God’s tent among us brings to mind for me another passage in scripture: John 1:14 – “The Word became flesh and lived among us, and we have seen his glory, the glory as of a father’s only son, full of grace and truth.” The greek word that is used here for “lived” among us literally means to live in a tent among us, or to pitch a tent among us. That is what Jesus did when he became human – he pitched his tent among us. A camping trip from heaven, you might say, to become one of us and to pitch his tent right here with us. When Jesus did this, he became the temple, the place where God dwells, but in a portable form. And through the Holy Spirit, Jesus now goes where we go, fulfilling his promise to be with us always and every where (Matthew 28:20).
But I am also reminded of another passage that uses this same greek word. It is when Jesus is transfigured on the mountain, with Peter, James and John with him on this holy camping trip. When Jesus is transfigured and is seen speaking with Moses and Elijah, and Peter says to him: “Lord, it is good for us to be here; if you wish, I will make three dwellings here, one for you, one for Moses, and one for Elijah” (Matthew 17:4). Peter wanted to stay on the mountain. Who wouldn’t? So he offered to pitch a tent for Jesus (and for Moses and Elijah, too). But Jesus knew that he could not stay atop that mountain; he needed to come down the mountain, and go to Jerusalem, to die for the sins of the world. Tents can be comfortable places, protecting us from life’s unpredictable elements. But we can’t stay in our tents. We are called to go out into this world and do the work of Jesus. (Of course, that’s been pretty difficult to do lately, with all of us “tenting in place” to reduce the spread of this virus! There is a time, though, to be in the safety of our tent, and there is a time when we must leave it to do the work to which we are called.)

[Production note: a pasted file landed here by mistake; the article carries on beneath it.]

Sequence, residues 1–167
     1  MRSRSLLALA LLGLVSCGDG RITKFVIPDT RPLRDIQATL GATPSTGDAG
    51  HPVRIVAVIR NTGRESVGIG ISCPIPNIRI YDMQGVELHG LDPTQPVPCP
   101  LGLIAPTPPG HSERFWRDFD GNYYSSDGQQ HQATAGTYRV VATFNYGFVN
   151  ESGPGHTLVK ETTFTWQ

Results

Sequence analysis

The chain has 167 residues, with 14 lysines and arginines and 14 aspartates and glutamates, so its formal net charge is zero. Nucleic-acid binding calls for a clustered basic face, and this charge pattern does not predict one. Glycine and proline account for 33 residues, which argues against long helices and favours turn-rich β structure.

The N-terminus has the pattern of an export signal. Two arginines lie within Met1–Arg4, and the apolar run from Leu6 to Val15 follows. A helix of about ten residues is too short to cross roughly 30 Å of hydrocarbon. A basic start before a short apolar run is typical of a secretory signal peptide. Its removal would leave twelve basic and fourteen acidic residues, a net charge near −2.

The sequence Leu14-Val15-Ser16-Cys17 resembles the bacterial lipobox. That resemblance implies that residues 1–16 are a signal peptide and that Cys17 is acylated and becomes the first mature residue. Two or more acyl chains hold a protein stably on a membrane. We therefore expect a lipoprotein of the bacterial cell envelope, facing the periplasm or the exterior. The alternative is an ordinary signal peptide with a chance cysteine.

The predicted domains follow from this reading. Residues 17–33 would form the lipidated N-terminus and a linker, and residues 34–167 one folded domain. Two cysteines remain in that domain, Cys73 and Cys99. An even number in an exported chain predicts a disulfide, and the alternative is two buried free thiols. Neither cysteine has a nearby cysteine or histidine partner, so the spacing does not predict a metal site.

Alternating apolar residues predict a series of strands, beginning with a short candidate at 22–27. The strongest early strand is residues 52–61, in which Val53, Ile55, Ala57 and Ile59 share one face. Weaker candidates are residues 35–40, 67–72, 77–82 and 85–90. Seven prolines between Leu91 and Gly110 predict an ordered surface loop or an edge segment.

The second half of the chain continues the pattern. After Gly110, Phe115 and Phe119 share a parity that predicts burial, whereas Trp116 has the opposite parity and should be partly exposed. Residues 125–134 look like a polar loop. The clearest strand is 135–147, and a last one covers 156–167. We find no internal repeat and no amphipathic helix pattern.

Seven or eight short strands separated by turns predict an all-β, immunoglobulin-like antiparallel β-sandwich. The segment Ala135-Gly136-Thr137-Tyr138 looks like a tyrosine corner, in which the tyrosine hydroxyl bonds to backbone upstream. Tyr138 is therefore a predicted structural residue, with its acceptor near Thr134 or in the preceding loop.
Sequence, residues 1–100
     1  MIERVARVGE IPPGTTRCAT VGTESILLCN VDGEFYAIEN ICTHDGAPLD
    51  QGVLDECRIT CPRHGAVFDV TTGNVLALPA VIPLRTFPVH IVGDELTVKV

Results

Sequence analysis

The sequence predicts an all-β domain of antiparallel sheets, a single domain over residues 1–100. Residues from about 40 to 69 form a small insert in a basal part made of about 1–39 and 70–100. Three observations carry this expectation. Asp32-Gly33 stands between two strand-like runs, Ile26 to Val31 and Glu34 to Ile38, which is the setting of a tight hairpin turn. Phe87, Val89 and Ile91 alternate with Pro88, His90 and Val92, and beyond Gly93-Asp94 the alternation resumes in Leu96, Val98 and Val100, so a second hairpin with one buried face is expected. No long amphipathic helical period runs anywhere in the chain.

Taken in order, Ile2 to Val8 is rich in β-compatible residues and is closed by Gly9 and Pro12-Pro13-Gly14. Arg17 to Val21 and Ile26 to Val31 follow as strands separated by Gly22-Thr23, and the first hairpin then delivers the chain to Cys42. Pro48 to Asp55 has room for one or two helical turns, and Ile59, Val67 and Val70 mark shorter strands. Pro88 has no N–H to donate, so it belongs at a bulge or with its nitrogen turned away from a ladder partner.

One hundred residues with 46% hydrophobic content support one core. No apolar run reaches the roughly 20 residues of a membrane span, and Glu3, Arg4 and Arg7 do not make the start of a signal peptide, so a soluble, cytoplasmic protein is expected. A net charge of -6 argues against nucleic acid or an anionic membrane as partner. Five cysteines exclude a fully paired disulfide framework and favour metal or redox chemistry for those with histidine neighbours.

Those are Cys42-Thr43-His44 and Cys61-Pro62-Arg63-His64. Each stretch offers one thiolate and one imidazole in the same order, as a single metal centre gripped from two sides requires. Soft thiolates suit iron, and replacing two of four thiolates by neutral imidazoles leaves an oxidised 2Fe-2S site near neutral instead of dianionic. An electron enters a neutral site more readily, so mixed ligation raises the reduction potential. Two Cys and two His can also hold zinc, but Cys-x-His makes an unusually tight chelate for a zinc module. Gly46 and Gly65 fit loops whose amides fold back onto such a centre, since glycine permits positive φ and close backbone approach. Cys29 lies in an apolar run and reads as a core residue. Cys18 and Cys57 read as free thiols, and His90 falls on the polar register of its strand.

One final mention of tents in scripture comes to mind, and that is in 2 Corinthians:
For we know that if the earthly tent we live in is destroyed, we have a building from God, a house not made with hands, eternal in the heavens. For in this tent we groan, longing to be clothed with our heavenly dwelling … He who has prepared us for this very thing is God, who has given us the Spirit as a guarantee. So we are always confident; even though we know that while we are at home in the body we are away from the Lord— for we walk by faith, not by sight.
We live and dwell in earthly tents. Portable, yes, but not indestructible. Our tents, our houses, even our churches, are all temporary. There is no “forever home” this side of heaven. But Paul reminds us in this passage that we have a building from God, a house not made with hands, eternal in the heavens. And that is where we are all headed. We are traveling through this life on our way to our heavenly dwelling. It is good to be here, but here is not where we are going. And so, we hike and camp our way through this life, with the prayer that God would lead us to the rock that is higher than we (Psalm 61:2), and that we would abide in God’s tent forever. Abide with God here, for now, in these earthly tents of ours; but one day, there, in the house not made with hands, God’s eternal tent in the heavens.